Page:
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Keep the revenue flowing with an annual recurring revenue model

January 10, 2022

Think subscriptions and bundling services

For many years, recurring revenue business models, sometimes described as subscription- or usage-based models, have been on a steady uphill climb, driven by consumer demand. People subscribe to Netflix and Amazon Prime to watch their favorite shows, Apple Music and Spotify to listen to their favorite tunes and even companies like Dollar Shave Club to ensure their favorite razors regularly arrive on their doorstep. However, subscriptions aren’t just thriving in the business-to-consumer world.

Increasingly, they’re becoming a business-to-business (B2B) mainstay, as they offer several substantial benefits to buyers and sellers alike. Subscriptions allow B2B buyers to replace the large capital outlays that come with traditional purchases with affordable monthly payments that can scale as the business grows. Sellers see higher customer retention rates as satisfaction is aligned better with the value of the recurring services and the relationship is ongoing versus one-time or infrequent. As the proliferation of subscriptions rise, so will the opportunity to create and grow with an annual recurring revenue (ARR) model.

The age of subscriptions is underway, according to Forrester. If you’re an IT solution and service provider that hasn’t already tapped into this thriving market, there are plenty of reasons you should consider it. This includes a constant stream of income, embedding yourself as a consultant to your customers and new cloud-based opportunities.

How ARR is calculated

It might be a given, but ARR is a business metric designed for subscription-based companies. Its calculation depends on factors that include existing pricing strategy and complexity of your business model. Think basic, intermediate, and premium service or add-ons.

ARR equals yearly subscription cost plus recurring revenue from add-ons/upgrades minus money lost from cancellations.

CFO research study showed that 23% of C-suites and boards were incorporating recurring revenue models into their business plans. Subscriptions add predictable sales that lead to recurring revenue that helps with cash flow, which is particularly important during slower business cycles or seasons. Along with providing dependable, repeat business, the model helps you further embed yourself into your customers’ businesses.

For example, perhaps you provide IT solutions to a customer looking to bolster its security and needs more storage. Offer to provide both on a subscription basis. Remember, subscription models extend beyond software as a service (SaaS) and into anything as a service (XaaS) — desktop, data, marketing, security, even hardware — the list goes on. So, too, do the opportunities for ARR.

How to get started

By becoming a one-stop shop for customers, you’re providing simplicity and reliability. The challenge for some IT solution and service providers, however, is getting started.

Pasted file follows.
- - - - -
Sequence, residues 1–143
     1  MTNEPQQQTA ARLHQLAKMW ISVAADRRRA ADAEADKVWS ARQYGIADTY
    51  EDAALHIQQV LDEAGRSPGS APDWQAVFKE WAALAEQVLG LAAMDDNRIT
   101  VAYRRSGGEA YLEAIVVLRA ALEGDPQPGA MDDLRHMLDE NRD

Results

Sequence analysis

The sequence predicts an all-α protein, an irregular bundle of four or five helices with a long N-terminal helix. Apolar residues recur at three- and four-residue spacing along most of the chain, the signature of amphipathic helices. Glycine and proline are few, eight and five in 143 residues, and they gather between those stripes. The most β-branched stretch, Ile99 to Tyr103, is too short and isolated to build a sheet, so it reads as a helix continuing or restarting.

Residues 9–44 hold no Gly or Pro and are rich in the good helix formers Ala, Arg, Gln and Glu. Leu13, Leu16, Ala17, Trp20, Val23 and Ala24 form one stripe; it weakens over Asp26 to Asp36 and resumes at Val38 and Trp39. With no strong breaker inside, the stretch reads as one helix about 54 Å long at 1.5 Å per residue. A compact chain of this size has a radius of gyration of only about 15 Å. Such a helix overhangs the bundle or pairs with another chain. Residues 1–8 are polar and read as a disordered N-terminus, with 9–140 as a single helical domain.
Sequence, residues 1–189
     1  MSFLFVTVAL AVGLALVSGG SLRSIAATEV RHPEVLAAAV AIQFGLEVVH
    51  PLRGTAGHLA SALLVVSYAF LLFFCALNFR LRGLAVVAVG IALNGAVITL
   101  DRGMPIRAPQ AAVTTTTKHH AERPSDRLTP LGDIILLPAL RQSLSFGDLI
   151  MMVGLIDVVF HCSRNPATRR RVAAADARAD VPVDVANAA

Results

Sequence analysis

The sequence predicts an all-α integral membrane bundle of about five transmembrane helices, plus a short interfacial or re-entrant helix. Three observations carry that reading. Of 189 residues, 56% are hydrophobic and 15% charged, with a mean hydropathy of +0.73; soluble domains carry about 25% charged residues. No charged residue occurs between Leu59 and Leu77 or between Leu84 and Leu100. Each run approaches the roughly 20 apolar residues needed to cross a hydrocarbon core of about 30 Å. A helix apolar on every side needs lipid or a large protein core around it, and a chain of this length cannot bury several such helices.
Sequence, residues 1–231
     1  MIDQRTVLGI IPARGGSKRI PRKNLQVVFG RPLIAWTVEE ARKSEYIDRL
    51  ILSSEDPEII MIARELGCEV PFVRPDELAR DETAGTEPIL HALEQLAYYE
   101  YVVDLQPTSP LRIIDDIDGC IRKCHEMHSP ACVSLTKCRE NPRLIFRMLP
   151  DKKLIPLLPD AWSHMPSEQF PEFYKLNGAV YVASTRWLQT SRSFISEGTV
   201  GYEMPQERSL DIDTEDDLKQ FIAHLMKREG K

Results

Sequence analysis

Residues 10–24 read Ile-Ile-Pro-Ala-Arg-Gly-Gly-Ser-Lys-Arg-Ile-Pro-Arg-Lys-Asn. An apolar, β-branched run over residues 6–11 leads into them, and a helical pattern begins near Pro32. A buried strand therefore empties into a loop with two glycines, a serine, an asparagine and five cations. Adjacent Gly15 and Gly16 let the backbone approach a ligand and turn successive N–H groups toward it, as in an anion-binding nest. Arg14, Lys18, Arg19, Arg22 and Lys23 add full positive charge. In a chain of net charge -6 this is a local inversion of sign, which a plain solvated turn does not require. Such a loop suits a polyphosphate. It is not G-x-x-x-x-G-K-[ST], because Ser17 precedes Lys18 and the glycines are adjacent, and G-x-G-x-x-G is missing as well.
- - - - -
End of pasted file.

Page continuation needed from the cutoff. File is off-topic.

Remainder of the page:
One idea of dipping your toes in the water is to start with a seed product followed by bundled services. Say you offer something just about every business uses like Microsoft Office. Then start layering on consumption-based value-added services, such as a cloud storage, backup and recovery package. Does a customer lack sufficient security? If so, bundle that into the package as well.

The sky is the limit regarding the cloud services you can provide and the ARR you can bring into the fold. The key is to understand your customers’ needs — and sometimes you must suggest those needs to them — and deliver.

Remember, too, that if you want to get into the ARR business you should incentivize your employees accordingly. If they’re used to selling large hardware and software packages that come with a lump sum payout or bonus, change to an incentive plan that rewards them for closing numerous, smaller deals.

Becoming services-led

Customers today want the businesses they deal with to provide services — not just hardware or software. Even if this is new for you, it’s doable.

Consider Xerox, a business long known for its printers. The company currently delivers printers and scanners along with IT services for small- and medium-sized businesses. In fact, it supports many of its customers’ entire IT infrastructure.

Similarly, the NCR Corporation of today provides so much more than the cash registers of its 130-plus year heritage. NCR now provides hardware that includes point-of-sale terminals and bar code scanners along with software, managed and professional services, among other things.

Taking that first step

By establishing and growing a profitable, sustainable cloud services business, you can incorporate ARR and increase customer satisfaction along the way. Consider starting small with a seed product/service, and then bundle other solutions, depending on your customers’ changing needs. Think about changing your compensation structure for employees used to selling larger purchases.

Lastly, Arrow can help. Our experienced employees have assisted plenty of IT solution and service providers beginning to use an ARR model. With ArrowSphere, our cloud and subscription management platform, you can easily combine well-known hardware and software services with your own to create a unique recurring revenue-based service catalog for your customers.

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